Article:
Ways to scale up community college baccalaureates

By Debra D. Bragg

In many parts of the country, the idea of community colleges awarding a bachelor’s degree is not just novel, it’s unthinkable. Since their beginning, two-year colleges have provided an “open door” to higher education with one big exception: Community colleges cannot award bachelor’s degrees.

The problem is many community college students aspire to get a baccalaureate but never do. Truth be told, transfer is a challenging journey that requires students to start over at a new school after finding their place and succeeding in their chosen program of study. Adding more stress, universities charge double or triple more for tuition than community colleges. Given these challenges, is it any wonder more community colleges are considering offering bachelor’s degrees?

National results inform CCB scale-up

New research from the Community College Baccalaureate Association (CCBA) and Bragg & Associates, Inc. documents the growth of CCB degrees and provides new insights into CCB degrees nationwide. These data help to set the stage for a new phase of CCB scale-up, which means growing the scope and potential impact of bachelor’s degrees for students underserved by the current higher education system. While offering a pathway for more students to secure the baccalaureate, CCB degrees also help foster inclusive communities while strengthening regional economies.

For any innovation to scale up, data are needed to guide program development, optimize resources and take action (Century, 2007). Researchers Christina and Nicholson-Goodman (2005) note the importance of thinking of scaling up as having four critical dimensions:

  • Spread by growing understanding of the innovation and the know-how to implement it.
  • Depth by ensuring positive impact with tangible evidence of outcomes and benefits.
  • Sustainability by supporting longevity after the excitement of start-up fades and the going gets tougher.
  • Shift in ownership by normalizing the innovation to be routine and integral to the system.

Applying these dimensions to CCB degrees, we’re talking about spreading research on what CCB degrees are and how to implement more, providing evidence of where these degrees are happening and the impact they have on students and their communities, providing adequate resources and support to ensure CCB degrees last over time, and rooting CCBs so deeply in higher education systems that they are no longer met with consternation or worse: outright contempt.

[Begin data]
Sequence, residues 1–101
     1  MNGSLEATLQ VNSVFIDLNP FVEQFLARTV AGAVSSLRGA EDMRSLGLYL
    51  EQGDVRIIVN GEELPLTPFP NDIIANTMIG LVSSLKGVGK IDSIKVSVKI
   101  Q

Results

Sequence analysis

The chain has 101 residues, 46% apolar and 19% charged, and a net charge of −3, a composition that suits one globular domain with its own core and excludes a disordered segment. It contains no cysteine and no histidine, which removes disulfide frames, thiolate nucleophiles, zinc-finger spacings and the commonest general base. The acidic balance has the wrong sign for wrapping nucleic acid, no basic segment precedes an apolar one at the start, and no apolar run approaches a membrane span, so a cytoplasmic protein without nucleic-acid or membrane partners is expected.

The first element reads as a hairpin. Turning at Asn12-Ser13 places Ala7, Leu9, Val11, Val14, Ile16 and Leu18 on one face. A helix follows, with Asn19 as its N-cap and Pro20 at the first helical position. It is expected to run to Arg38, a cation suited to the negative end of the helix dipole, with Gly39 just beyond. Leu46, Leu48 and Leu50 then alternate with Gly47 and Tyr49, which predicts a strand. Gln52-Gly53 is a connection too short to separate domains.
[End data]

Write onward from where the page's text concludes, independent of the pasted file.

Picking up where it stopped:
Takeaways to scale up

Reviewing major findings from our national research on CCB degrees, I offer seven takeaways to help readers understand how these degrees may be able to scale up in the United States.

  1. Understand the current state of CCB degrees in the United States.

It’s impossible to know if an innovation will scale up if we don’t know where it stands now. We need a baseline to measure growth. Of the 24 states conferring at least one CCB degree today, eight states approve the majority of community colleges to confer CCB degrees. Florida has scaled up CCBs the most, with all 28 colleges conferring at least one degree. Washington is just one short of all 34 community and technical colleges conferring a CCB.

Added to these, many community colleges in California and Texas confer bachelor’s degrees, showing the potential to surpass Florida and Washington soon because of the sheer size of their community college systems (116 community colleges in California, and more than 60 community colleges in Texas). Today, about one-third of the community colleges in each of these states are approved to offer CCB degrees, with an announcement of more CCB-degree approvals coming soon in California.

  1. Know how state laws impact the scale-up of CCB degrees.

Many factors influence the scale-up of CCB degrees within states, with the language included in state laws being one of the most important. Enabling legislation helps to grow new programs, while restrictive language constrains them. For example, Massachusetts’ law authorizes just one community college, Quincy College, an independent public community college, to confer bachelor’s degrees while no other public community colleges can award them. In South Carolina, state law restricts CCB degrees to advanced manufacturing programs. While all technical colleges can adopt, if they make a good case, CCB degrees cannot grow into other industry sectors that may need baccalaureate-prepared employees.

All this is to say that understanding how state laws influence CCB programs is extremely important to scaling up more CCB degrees across the country.

  1. Ensure CCB degrees expand access to baccalaureate attainment.

As noted earlier, state and institutional leaders of higher education tend to view CCB degrees very differently. Naysayers argue CCB degrees duplicate university programs and destabilize enrollments, defending the status-quo structure of college degree conferral, while community college leaders point to the need to grow bachelor’s degrees to strengthen regional economies. They also point to the need to better serve racially minoritized and under-resourced families who are jeopardized most acutely by current transfer regimes.

Luckily, we see much less of this angst in states that have conferred CCB degrees for a long time. In states like Florida, Nevada and Washington, where CCB conferral is commonplace, higher education leaders understand why community colleges offer bachelor’s pathways. They don’t always agree that every CCB application should be approved, but they also don’t fight the mere idea that community colleges should be able to confer baccalaureates.

There are four more ways – check them out in the full CC Daily article.

Debra D. Bragg

is president of Bragg & Associates, Inc. and endowed professor emerita at the University of Illinois at Urbana-Champaign.